In an exclusive interview with ABC News anchor Robin Roberts, President Barack Obama announced he believed same sex couples should be allowed to get married.
The president's position on same sex marriage, which his administration has described as "evolving," has shifted over the course of his political career.
He did favor defining marriage as between a man and a woman, with same sex couples receiving the same rights as married couples, but Mr. Obama has indicated lately that he was possibly changing that position.
"Today is a proud day for all Americans," said Theodore B. Olson, one of the attorneys in a federal lawsuit seeking to overturn Proposition 8, California's ban on same-sex marriage. "The bedrock American principles of freedom and human dignity are central to the political and legal convictions of Republicans, Democrats, liberals and conservatives alike.
"President Obama's words remind us that marriage and equality are universal values that unite us all. They remind us that we are all -- as a people and a nation -- striving to form a more perfect union," he said.
Republican presidential hopeful Mitt Romney says he believes marriage should be restricted to one man and one woman and that he's held that view "since running for office."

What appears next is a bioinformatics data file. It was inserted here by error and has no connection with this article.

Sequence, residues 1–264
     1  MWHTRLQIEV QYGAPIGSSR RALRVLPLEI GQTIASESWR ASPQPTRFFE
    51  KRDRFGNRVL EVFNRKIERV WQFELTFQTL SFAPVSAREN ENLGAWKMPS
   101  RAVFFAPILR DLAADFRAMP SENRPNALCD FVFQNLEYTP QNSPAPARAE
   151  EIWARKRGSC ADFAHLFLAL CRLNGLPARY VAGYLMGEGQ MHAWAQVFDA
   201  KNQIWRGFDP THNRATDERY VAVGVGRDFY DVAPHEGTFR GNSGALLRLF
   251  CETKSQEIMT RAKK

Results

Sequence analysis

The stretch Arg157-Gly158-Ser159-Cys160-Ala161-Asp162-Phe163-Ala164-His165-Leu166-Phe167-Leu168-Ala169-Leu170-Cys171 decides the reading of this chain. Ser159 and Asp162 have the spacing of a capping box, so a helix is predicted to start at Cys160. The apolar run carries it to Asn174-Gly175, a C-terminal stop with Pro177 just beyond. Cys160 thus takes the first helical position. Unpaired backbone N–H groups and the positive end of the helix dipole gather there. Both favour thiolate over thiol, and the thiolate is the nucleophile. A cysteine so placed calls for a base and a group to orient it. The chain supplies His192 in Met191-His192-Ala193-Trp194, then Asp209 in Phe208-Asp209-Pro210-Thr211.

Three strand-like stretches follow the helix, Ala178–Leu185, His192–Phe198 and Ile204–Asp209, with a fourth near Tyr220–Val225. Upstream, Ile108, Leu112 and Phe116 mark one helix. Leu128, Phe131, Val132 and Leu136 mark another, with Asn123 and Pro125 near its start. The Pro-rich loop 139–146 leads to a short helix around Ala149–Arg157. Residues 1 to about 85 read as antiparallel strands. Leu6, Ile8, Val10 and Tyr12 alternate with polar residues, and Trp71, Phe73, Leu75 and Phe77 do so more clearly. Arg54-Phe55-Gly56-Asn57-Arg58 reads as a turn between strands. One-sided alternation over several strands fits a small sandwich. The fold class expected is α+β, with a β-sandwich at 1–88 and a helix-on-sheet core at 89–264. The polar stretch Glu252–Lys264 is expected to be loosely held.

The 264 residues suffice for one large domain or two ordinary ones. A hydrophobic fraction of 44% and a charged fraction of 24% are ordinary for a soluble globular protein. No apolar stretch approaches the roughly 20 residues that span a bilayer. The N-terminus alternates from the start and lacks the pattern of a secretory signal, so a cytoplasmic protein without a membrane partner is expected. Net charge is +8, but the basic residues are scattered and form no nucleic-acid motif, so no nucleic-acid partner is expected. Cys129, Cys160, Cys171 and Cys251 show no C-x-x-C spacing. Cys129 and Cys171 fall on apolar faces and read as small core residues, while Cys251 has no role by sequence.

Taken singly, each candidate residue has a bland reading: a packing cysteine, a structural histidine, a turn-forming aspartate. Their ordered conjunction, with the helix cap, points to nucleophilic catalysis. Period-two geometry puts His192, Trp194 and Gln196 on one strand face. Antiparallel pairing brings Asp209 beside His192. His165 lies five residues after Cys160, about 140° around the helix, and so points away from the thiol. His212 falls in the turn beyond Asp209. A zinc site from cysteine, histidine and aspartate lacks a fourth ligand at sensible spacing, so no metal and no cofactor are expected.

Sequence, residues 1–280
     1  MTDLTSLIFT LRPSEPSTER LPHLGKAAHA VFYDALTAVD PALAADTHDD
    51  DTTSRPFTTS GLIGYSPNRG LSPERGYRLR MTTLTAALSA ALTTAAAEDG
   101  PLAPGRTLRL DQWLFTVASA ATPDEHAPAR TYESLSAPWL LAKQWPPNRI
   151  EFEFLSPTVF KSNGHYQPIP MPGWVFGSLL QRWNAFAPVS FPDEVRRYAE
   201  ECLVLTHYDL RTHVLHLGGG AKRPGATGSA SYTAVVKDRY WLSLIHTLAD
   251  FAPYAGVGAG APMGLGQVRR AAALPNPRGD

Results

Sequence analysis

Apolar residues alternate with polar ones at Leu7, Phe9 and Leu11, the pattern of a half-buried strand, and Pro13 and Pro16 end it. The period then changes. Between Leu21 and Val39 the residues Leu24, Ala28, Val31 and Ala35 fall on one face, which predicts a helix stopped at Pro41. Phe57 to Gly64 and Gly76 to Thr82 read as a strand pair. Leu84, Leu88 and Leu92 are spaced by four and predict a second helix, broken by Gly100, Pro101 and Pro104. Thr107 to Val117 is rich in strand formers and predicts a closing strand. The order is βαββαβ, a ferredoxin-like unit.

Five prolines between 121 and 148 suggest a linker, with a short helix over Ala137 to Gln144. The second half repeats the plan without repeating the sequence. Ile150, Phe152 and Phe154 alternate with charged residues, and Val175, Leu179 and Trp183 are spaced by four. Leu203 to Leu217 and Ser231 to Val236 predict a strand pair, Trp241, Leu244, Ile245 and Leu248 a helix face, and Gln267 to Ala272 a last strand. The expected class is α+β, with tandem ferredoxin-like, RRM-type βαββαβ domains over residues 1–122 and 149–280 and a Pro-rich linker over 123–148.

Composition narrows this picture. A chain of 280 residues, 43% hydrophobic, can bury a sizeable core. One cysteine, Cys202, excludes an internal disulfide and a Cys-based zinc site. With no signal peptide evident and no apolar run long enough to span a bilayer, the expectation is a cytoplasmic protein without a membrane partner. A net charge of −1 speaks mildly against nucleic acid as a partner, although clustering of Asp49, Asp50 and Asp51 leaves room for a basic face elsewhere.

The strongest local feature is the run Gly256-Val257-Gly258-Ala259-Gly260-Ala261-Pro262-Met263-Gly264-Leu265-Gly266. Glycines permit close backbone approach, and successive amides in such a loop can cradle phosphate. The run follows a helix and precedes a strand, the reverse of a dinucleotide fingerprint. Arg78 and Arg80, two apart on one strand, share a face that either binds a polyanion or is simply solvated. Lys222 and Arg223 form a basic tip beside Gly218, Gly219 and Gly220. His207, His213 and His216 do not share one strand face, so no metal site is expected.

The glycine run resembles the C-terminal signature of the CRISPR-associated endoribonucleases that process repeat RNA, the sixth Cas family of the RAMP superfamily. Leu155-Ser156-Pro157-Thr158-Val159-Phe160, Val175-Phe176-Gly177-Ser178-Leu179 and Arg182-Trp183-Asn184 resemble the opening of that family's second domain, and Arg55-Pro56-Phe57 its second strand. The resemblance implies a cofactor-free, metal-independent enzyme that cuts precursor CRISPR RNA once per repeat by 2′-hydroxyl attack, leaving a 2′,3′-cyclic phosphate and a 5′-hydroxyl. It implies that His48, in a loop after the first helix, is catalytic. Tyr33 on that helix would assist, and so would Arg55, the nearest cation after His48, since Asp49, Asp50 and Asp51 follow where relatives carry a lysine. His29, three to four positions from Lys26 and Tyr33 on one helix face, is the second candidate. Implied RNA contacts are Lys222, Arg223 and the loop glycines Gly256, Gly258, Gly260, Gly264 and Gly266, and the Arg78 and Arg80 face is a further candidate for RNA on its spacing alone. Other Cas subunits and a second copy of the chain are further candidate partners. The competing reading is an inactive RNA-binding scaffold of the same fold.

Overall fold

Romney on Wednesday called same sex-marriage "a very tender and sensitive topic" as he contrasted his position with President Barack Obama's unequivocal declaration of support Wednesday for allowing same-sex couples to marry.
Obama is the first president in history to support gay marriage.
Polls show the country is evenly divided on the issue.
Romney did not go so far as to accuse Obama of changing his position on the issue. Questioned by reporters, the presumptive Republican nominee for president said news reports indicate Obama has shifted his stance.
Romney says states should be able to decide whether to grant certain legal benefits to same-sex couples.